Executive Director Melissa Nicholson added that artists are “a little bit better positioned to be openminded.” (Gamut, she noted, has offered state and county government officials use of its building if needed.)
Musicians are adapting, too. The Harrisburg Symphony Orchestra offered online master classes for its youth orchestra musicians. HSO is also streaming a previously taped Masterworks concert to its database. Its “Music in the Key of We” community celebration and Beethoven birthday bash, scrubbed from its original April date, has been rescheduled to Nov. 14.
“The orchestra’s strong,” said Executive Director Jeffrey Woodruff. “It’s been around for 90 years. It has its rightful place in the community and has been through many crises and will come out of this one just fine, sooner or later.”
Veteran jazz pianist Steve Rudolph’s busy 2020 itinerary used to include a fully booked JazZenJourney, the annual trip to Italy he leads with his wife, Andrea Minick Rudolph, and a recording session at the studio of filmmaker George Lucas.
“This was looking like one of the best years I’d have had,” he said. “Sometimes, you just have to laugh.”
For the duration, Rudolph is composing and, like the rest of us, reorganizing his office. He is Skyping with his ensemble, hoping to announce an online matinee or happy hour to “have some fun for a half hour and give some people a little relief.” He hopes to solicit donations to charities supporting musicians until, he joked, “in about a month and a half, I’ll be having people donate to me.”
On the pop scene, artists and audiences are missing out on the touring that has become their financial lifeblood. Country music artist Ben Gallaher, a Camp Hill native now based in Nashville, postponed a midstate stop and a tour to Pittsburgh, Cincinnati and Indianapolis, as the opener for country legend Joe Diffie, now lost to COVID-19.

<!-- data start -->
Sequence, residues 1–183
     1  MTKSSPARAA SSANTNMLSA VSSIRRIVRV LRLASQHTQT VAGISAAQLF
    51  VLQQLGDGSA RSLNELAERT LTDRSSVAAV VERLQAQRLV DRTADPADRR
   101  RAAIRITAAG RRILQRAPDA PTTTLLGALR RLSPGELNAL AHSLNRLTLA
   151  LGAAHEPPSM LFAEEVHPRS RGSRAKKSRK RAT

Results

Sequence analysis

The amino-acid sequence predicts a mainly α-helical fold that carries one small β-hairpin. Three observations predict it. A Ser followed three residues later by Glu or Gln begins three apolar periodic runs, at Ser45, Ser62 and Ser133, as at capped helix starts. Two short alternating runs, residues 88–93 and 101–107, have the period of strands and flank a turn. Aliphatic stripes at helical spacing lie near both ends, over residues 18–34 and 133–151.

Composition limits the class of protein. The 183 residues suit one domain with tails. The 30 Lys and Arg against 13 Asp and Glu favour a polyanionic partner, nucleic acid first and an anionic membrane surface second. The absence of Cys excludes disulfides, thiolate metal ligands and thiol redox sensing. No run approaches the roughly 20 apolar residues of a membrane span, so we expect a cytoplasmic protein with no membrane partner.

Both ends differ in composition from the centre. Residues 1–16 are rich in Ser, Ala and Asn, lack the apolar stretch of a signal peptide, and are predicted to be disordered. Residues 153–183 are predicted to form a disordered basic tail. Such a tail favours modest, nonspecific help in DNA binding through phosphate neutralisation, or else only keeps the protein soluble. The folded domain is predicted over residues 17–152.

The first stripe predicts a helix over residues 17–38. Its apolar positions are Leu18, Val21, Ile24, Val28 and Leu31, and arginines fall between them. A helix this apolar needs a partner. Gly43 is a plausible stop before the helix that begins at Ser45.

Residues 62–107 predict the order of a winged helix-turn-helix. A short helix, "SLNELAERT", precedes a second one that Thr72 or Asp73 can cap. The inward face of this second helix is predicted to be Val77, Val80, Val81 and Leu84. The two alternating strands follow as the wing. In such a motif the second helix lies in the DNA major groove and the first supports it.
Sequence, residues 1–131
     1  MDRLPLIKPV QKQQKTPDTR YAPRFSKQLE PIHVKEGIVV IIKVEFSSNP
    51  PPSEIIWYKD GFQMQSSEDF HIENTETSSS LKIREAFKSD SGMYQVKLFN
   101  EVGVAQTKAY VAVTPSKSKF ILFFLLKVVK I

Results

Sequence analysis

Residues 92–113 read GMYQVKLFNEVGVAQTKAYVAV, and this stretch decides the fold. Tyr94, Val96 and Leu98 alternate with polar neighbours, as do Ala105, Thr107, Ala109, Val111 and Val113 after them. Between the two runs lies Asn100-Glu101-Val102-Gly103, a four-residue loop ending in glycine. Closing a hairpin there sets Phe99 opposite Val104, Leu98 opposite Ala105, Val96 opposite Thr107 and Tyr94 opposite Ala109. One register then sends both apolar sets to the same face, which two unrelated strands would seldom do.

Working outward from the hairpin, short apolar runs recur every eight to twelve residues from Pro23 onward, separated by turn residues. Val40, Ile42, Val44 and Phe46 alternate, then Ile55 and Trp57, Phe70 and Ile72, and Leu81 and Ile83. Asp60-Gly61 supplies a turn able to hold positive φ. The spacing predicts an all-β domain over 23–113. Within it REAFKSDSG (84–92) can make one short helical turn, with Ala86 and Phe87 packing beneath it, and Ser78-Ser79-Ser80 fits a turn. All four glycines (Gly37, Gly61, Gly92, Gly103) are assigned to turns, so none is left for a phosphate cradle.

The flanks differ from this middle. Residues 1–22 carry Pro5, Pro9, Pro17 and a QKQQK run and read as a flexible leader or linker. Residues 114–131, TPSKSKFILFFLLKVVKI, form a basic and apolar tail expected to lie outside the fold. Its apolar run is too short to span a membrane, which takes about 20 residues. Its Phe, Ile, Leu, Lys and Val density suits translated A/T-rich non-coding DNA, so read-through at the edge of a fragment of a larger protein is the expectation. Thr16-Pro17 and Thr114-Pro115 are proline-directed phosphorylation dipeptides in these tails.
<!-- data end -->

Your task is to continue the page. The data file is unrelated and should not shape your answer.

“All my friends just came to a halt,” said Gallaher. “For the music industry, it’s not just artists that are affected. It’s band and crew members, business managers, agents, labels, venues, venue promoters, merchandise companies. There’s quite a trail there.”
Amid the Facebook Live and Instagram performances, hometown support is helping to sustain Gallaher. A show planned for early April at the Ned Smith Center for the Performing Arts in Millersburg was originally an indoor acoustic performance. The rescheduled June 20 show will move to the center’s amphitheater.
“So it’ll be full-band,” he said. “We’ll be rocking in June.”
Woodruff calls the arts “an essential part of life.”
“It gives sustenance,” he said. “We’re all so preoccupied with money, but it gives things other than money. It can be inspirational. It can give us solace. It can enlighten us. All these art forms give us a glimpse into our humanity and what makes us tick.”
At Gamut’s theater in downtown Harrisburg, the ghost lights are on. The heat is not.
“If you walked into Gamut right now, it is freezing,” said Melissa Nicholson.
As business manager, she is cutting expenses, talking to the bank, and—for the first time—exploring the world of Small Business Administration loans.